The Effects of Ractopamine on Behavior and Physiology of Finishing Pigs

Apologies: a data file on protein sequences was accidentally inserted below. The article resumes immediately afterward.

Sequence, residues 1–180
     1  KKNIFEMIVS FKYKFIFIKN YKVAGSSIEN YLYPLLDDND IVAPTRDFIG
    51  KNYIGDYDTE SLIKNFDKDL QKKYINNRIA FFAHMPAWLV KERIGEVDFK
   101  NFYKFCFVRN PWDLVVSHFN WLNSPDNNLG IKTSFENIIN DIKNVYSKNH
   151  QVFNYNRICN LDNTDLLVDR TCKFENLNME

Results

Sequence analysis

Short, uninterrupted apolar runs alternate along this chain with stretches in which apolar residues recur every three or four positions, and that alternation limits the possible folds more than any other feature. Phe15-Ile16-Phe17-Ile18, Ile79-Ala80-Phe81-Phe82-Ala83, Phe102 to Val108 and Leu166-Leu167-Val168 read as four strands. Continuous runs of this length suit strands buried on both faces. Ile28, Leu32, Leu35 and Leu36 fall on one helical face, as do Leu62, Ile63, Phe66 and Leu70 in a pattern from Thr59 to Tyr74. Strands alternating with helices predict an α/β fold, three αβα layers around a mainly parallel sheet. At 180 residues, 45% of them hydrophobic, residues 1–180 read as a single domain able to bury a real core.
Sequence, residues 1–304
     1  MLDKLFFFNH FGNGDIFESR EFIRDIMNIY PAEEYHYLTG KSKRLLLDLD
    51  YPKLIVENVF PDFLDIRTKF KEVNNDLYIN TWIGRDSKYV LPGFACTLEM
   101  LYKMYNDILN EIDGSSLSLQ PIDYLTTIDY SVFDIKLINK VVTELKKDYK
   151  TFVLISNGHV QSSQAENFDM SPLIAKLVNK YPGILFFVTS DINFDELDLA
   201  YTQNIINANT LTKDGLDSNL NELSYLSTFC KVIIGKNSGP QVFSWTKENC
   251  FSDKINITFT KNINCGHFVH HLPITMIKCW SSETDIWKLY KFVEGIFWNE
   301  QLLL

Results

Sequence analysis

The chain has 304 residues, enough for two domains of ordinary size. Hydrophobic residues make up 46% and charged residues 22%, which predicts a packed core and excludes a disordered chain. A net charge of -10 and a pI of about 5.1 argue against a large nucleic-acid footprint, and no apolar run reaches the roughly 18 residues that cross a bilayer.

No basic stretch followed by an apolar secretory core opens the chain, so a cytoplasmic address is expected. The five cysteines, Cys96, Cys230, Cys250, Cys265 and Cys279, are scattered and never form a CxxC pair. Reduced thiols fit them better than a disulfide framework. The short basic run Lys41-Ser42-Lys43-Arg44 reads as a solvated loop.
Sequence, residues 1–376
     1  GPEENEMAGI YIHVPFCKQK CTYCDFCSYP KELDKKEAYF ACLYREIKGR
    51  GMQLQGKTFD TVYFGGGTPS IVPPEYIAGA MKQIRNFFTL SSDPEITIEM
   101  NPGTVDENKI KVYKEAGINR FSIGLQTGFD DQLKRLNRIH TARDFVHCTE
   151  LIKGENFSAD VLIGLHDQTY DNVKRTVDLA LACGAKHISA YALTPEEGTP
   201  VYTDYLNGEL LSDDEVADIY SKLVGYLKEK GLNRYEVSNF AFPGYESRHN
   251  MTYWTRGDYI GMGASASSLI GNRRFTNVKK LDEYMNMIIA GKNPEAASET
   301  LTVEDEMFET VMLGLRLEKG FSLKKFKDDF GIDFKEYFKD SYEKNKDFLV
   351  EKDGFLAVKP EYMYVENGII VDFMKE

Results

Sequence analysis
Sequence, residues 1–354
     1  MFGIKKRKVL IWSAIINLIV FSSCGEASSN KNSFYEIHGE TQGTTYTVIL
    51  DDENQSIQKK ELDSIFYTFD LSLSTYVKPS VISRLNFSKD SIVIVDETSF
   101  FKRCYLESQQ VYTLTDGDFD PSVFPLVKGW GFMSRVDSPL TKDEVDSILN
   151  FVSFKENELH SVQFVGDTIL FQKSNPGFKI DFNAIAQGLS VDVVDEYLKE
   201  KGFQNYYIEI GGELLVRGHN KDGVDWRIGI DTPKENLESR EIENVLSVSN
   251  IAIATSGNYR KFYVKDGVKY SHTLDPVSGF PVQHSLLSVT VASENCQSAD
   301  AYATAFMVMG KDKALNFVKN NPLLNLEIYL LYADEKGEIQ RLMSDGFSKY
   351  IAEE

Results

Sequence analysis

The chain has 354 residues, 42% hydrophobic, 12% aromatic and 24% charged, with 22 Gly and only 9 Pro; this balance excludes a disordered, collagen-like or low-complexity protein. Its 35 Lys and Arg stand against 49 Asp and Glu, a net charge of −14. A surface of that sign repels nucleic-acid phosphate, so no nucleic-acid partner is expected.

Purdue University 2002 Swine Research Report. The feed additive ractopamine, a beta-adrenergic agonist, acts as a repartitioning agent, promoting lean tissue deposition in market-weight pigs (Watkins et al., 1990; Crome et al., 1996). It has been the focus of widespread research over the last 20 years and has been shown to give substantial improvements in average daily gain, feed conversion efficiency, dressing percent and carcass lean content (Watkins et al., 1990; Gu et al., 1991a,b; Uttaro et al., 1993; Crome et al., 1996). Its usage may also confer environmental benefits such as reduced manure volume, decreased ammonia and volatile fatty acids emissions from slurry (Sutton et al., 2001). It was formally approved for use in swine in the US in 1999, and subsequently, a number of other countries. Research has also shown that the production advantages of ractopamine are relatively brief. Performance measures peak and then decline (Bark et al., 1992; Williams et al., 1994) with the greatest response occurring during the first 14 days (Williams et al., 1994). In recent studies, pigs fed a constant level of ractopamine had slower growth rates and poorer feed conversion efficiency than control pigs by the fifth week on test (Herr et al., 2002a, 2002b). At a cellular level, the change in response may be due to a combination of down regulation of the -adrenergic receptors and ractopamines partial agonist activity (Liu et al., 1994; Mills, 2001). The little behavioral research carried out to date has confirmed that after 6 weeks of being fed ractopamine, pigs spent more time lying down and less time walking (Schaefer et al., 1992), but there was no evidence of decreased joint soundness and there is no scientific evidence of behavioral or physiological responses to stress. As global usage increases, it is important that these concerns are addressed. The objectives of this study, therefore, were to examine the behavior and physiology of marketweight pigs during the conventional ractopamine administration period and in response to stressors encountered during routine handling, weighing and during transport.